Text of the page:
China is simply a massive market growing at an astounding rate. The appetite for foreign brands and products is developing and evolving with every year.
For many companies China is still considered to be an untapped resource, offering huge potential sales and market share. However, these companies are also wary about doing business here for a number of very good reasons.
The possibility of trademark infringement is one very big reason.
Spot the Difference
Over the years, I’ve seen various trademark infringement cases in China. Some of these include:
- Joint Venture (JV) between a Chinese company and a ‘foreign company’ breaks down and the Chinese company walks away with all the trademarks. This was probably registered/owned by the Chinese JV party and only at the breakdown does it appear how important ownership of this is. Albeit an old story, Danone vs Wahaha stands as an amazing insight in to the complexities of trademark ownership and infringement in JV’s.
(See: Danone vs Wahaha)
- Trademark squatting – 3rd party companies/individuals that are keeping an eye out for products they think will enter the Chinese market and trademarking the names/possible names/future names/logos, etc and then using this to extort money.
(See: Reuters Article)
- Competing companies with similar logo colour schemes and sounding names, seemingly hijacking an established international brand to launch their own business.
(See: Starbucks vs XingBaKe)
- Traditional infringement claims – Companies identifying brands they feel infringe on their own trademark, but it is ruled this is not the case. China works on a first come, first served basis with regards to trademarks.
(See: Dell vs DeEr)
If you haven’t covered all your bases, you may find yourself in your own trademark infringement situation. The entity that owns the trademark can take you to court and attempt to stop you from selling that product/brand under that name in that location. If they are successful in their bid to stop you selling under that name, this will add weight to their case in other jurisdictions.
The following is a simplistic and very basic interpretation of what is going on with Apple’s trademark infringement case for the name “iPad” in China. The thoughts and views expressed here are my personal opinions.
What can we learn from the Apple vs Proview ongoing case?
Mmm... smells expensive.
In the early 2000’s Apple hired a company, Proview Taiwan, to purchase the trademarks for several product names in the Asia area, including in mainland China. I am told the agreement between Apple and Proview Taiwan for this work wasn’t well worded and contained some room for interpretation (some have called this sloppy legal work and poor due diligence).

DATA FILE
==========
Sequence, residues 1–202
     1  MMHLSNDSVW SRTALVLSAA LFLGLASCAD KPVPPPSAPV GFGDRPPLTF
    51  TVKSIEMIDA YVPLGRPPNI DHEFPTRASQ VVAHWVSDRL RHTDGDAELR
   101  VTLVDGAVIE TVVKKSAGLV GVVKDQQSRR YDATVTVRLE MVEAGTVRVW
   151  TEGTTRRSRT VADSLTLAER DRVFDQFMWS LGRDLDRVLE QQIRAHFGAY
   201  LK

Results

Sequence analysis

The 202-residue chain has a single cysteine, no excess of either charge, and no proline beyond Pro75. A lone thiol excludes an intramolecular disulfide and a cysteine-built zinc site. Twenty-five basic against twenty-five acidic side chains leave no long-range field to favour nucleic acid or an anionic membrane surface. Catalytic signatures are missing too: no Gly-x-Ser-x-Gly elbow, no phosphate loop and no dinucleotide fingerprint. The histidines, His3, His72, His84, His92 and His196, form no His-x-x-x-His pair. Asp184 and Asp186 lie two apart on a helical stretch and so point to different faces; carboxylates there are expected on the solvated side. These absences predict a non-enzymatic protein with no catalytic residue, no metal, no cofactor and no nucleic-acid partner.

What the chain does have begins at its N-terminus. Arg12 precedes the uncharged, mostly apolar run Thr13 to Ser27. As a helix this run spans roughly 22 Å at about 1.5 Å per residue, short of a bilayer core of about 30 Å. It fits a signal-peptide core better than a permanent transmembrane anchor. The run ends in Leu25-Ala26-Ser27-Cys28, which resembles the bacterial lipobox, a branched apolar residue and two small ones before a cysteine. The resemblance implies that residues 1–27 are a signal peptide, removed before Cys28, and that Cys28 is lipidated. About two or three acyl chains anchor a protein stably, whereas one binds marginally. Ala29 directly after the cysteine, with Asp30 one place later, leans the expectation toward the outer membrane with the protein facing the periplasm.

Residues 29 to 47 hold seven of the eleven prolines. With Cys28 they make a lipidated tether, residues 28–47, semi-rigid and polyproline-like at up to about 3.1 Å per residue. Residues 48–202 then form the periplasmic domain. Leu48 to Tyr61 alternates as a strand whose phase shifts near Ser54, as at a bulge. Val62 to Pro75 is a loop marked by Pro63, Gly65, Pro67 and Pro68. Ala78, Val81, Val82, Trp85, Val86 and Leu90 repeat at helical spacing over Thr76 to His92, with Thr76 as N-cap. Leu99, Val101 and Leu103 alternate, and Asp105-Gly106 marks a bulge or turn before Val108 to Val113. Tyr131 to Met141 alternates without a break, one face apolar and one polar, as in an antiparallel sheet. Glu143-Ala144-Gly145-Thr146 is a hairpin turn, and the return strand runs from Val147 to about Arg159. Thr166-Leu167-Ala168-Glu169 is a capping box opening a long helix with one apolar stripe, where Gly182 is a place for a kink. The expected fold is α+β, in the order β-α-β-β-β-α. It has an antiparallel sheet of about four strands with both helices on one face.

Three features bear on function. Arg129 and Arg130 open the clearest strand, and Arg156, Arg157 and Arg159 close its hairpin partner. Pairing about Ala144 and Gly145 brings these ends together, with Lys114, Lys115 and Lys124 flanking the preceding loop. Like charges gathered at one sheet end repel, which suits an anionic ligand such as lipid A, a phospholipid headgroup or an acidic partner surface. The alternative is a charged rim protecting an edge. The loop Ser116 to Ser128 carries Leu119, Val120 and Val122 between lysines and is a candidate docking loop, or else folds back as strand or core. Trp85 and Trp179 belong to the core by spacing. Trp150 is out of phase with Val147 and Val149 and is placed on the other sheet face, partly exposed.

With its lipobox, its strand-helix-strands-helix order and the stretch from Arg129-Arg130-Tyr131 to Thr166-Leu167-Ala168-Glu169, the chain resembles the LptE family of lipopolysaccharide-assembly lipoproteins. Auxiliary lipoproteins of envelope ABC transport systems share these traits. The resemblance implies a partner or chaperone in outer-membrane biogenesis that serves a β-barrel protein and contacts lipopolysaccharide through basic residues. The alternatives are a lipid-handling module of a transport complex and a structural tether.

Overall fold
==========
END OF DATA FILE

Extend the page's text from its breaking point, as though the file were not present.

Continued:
Proview purchased the trademarks for iPad (amongst other names) on behalf of Apple, sold them to Apple and everyone moved on. Fast-forward a few years and pretty much out of the blue (although there has been rumours of this case for some time) an entity called Proview Shenzhen brings to light that they own the iPad trademark in mainland China and Apple is committing trademark infringement by selling iPad’s under that name. Proview Shenzhen takes Apple to court in Shenzhen and wins, paving the way for further trademark infringement cases against Apple all across the country.
Up and up and up!
Some of you may not have heard about the GRI from 1st March 2012 from almost all shipping carriers yet. But you will likely feel the pinch when you notice shipping prices for containers almost doubling after 1st of March.
Here is what is happening and what we’re being told:
Where & What?
The increases will be applied as follows:
Origin Range: From All Asian ports (including Japan, South East Asia, Colombo and Bangladesh)
Destination Range: To all Northern European ports (including UK & Ireland and the full range from Portugal to Russia) to West Med, Adriatic, East Med, Black Sea and North Africa.
Cargo: Dry cargo, OOG’s, Paying empties, Break-bulk and Reefer cargo.
While some carriers aren’t even offering an explanation for this price hike, others are using a variety of differing excuses. The most common the reasons being offered are: Read more…
Dave’s ayi turned up today with a brand new phone.
You most likely won’t find this on the shelves at your local Carphone Warehouse.
Apparently Nokia is being designed by Apple in California.
Enjoy the pics, comments welcome!